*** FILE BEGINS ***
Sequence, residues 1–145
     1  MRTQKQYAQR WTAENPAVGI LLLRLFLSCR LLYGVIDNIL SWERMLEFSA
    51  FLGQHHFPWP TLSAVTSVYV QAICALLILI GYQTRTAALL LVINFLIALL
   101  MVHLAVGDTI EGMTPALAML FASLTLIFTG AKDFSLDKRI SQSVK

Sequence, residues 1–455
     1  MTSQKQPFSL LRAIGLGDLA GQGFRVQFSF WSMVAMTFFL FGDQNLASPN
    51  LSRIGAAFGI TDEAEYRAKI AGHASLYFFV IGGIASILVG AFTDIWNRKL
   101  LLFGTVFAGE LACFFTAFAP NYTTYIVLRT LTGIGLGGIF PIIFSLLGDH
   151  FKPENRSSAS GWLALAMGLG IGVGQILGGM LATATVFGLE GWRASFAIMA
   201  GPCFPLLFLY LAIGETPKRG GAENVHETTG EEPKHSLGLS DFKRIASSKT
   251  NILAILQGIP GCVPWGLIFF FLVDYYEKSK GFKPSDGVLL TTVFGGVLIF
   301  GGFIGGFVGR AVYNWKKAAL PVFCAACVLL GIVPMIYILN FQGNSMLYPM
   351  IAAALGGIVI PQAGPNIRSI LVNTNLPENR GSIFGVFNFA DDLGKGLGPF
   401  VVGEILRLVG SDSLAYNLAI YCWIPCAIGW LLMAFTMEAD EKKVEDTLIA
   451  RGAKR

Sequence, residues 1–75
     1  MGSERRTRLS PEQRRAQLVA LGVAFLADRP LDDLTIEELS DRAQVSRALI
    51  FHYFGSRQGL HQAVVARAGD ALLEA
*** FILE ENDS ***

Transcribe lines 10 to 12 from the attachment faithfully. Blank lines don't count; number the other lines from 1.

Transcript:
   201  GPCFPLLFLY LAIGETPKRG GAENVHETTG EEPKHSLGLS DFKRIASSKT
   251  NILAILQGIP GCVPWGLIFF FLVDYYEKSK GFKPSDGVLL TTVFGGVLIF
   301  GGFIGGFVGR AVYNWKKAAL PVFCAACVLL GIVPMIYILN FQGNSMLYPM